LinuxQuestions.org

LinuxQuestions.org (/questions/)
-   Linux - General (http://www.linuxquestions.org/questions/linux-general-1/)
-   -   Various Methods of Installing Software. (http://www.linuxquestions.org/questions/linux-general-1/various-methods-of-installing-software-748511/)

ez16 08-18-2009 03:09 PM

Various Methods of Installing Software.
 
Just a general question here but what are the benefits of there being so many different ways to install software in Linux.

It's actually kinda confusing to me. Sorry if I'm asking a "noob" type question but... I'm a noob.

The easiest way for me to install software is using Synaptic. But if it's not in Synaptic or the version in the repository is old then I'm on the hunt for it either on the makers website or on the web.

The next easiest way would be to hopefully find a .deb package. If no .deb package exist then...

...I'm looking for some way to find repositories to add to Synaptic so that I can download the software. But I'm also suppose to get a "key" for the new repositories for some reason - security I guess... wouldn't MD5 checksum do the same thing?
And then there's different types of repositories (e.g subversive).

The next way I install software... that is if I'm unlucky enough to find only this type of package available for download is something called "tar.bz2." I finally figured out how to "unzip" this kind of file but when I do... what do I do with it next?!

And I'm not going to even go into source code, compiling or something I recently came across that talked about how to turn rpm's into something that Deb can run.

It seems like it would easier if everything was streamlined for download in either a repository or in a .deb (or .rpm or whatever).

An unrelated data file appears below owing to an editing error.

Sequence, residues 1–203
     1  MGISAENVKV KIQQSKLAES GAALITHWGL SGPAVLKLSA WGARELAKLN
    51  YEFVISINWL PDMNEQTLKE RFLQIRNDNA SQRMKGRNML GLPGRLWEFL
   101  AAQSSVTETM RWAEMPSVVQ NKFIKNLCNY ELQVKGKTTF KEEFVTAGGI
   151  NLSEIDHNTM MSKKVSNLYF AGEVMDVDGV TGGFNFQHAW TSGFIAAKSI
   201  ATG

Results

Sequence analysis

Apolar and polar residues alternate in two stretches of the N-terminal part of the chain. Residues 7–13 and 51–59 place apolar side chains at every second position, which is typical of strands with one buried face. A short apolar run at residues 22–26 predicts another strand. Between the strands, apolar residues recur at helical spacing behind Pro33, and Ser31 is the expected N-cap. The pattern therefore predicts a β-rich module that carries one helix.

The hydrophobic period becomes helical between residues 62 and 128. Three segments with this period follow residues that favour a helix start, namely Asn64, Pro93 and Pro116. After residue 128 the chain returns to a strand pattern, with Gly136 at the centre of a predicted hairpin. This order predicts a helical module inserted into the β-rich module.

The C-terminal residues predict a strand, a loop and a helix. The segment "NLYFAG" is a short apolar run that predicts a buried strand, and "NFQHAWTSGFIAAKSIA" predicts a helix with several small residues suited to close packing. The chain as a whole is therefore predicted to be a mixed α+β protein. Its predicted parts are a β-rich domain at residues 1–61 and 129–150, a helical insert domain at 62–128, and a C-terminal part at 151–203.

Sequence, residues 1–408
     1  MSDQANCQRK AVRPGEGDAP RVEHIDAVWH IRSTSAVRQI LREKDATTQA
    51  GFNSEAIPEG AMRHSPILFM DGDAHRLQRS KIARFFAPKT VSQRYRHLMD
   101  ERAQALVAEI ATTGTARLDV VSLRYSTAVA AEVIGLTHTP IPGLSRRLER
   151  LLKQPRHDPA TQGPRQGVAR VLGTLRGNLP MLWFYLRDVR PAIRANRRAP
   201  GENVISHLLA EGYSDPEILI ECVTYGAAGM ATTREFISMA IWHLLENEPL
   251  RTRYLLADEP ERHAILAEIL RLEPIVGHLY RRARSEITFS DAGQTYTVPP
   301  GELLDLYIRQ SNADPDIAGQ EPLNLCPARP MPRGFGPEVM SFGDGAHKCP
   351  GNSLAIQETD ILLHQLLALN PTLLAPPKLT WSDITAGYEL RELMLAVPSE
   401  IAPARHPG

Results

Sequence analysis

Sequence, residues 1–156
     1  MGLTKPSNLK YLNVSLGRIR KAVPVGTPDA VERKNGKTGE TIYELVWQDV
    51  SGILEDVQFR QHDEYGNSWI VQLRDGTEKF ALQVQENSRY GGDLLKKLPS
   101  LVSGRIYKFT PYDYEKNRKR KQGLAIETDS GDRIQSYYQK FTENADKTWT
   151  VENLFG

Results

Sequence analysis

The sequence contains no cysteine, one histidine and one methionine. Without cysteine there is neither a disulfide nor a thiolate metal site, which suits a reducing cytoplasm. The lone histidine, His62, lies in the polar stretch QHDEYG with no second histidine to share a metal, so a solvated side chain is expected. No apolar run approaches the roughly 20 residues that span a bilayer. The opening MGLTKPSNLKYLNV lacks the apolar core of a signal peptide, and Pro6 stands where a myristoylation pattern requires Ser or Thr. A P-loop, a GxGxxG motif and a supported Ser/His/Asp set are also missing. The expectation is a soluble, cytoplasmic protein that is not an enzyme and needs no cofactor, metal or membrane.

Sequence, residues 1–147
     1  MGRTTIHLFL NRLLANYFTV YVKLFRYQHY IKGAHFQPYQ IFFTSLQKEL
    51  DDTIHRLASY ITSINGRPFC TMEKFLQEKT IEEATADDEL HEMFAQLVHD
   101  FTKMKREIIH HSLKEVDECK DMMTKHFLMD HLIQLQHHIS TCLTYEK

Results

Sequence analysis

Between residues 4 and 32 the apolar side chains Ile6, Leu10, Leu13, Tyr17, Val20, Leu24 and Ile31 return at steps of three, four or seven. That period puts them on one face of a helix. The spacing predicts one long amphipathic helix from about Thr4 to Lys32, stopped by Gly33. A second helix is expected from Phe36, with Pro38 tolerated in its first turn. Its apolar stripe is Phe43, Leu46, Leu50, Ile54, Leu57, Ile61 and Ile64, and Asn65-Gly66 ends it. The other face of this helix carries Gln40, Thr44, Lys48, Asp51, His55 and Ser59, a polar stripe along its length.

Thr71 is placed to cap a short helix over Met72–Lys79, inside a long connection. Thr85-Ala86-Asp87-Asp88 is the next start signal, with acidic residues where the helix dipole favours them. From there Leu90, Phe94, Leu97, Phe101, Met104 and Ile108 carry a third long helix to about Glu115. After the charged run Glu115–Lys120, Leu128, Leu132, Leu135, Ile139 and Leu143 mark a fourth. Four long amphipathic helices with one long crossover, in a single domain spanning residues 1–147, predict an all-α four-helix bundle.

In comparison, everything for the typical Windows user is usually in an .exe or with mac a .dmg

I'm just wonder what the benefits are with these various methods. I'm sure some of it has to do with the history of Linux or that it's based on Unix.

Thanks for your thoughts.

::: 08-18-2009 03:28 PM

thats exactly the opposite to what i usually do. i usually look for the source code, because:

1. i want to use free software (GPL &c.)
2. i can compile the software myself resulting in far better performance.
3. independence from packet formats/desktop environments/distribution
3. i hate packet managers (dependency frenzy)

compiling from source is really easy, fast and generally gives good results. you don't have to be a l33t haX0r (a.k.a. power user or loser or whatever) to compile source code.

in essence:
Q: what's the benefit of compiling from source?
A: FREEDOM! :)

:::

mostlyharmless 08-18-2009 03:49 PM

Quote:

In comparison, everything for the typical Windows user is usually in an .exe or with mac a .dmg

I'm just wonder what the benefits are with these various methods. I'm sure some of it has to do with the history of Linux or that it's based on Unix.
Exactly, it's evolutionary. Traditionally, *nix systems have their software built/installed from source. The source can be archived in a tar and compressed, ie. bz2, gz. Package managers for different distros are ways in which those distros have tried to make that job less necessary or easier. rpms and debs are not executable programs like "exes" in Windows, they're closer to "msi" installer programs.

Both Windows and MacOS are the products of single companies, hence the apparently more unitary approach. But it isn't all exes with Windows. There are the installer msi and dll's one has to download manually occasionally.

Benefits? As the previous poster mentioned, it gives you more freedom.

Hope that clears things up without actually being informative.

ez16 08-18-2009 04:26 PM

Thanks ::: and mostlyharmless. I never looked at this issue from a "freedom" point of view before now. I just saw it from an ease-of-use perspective.

I knew there had to be some benefits of compiling a program. But it is involved and takes time & know how.


All times are GMT -5. The time now is 04:26 AM.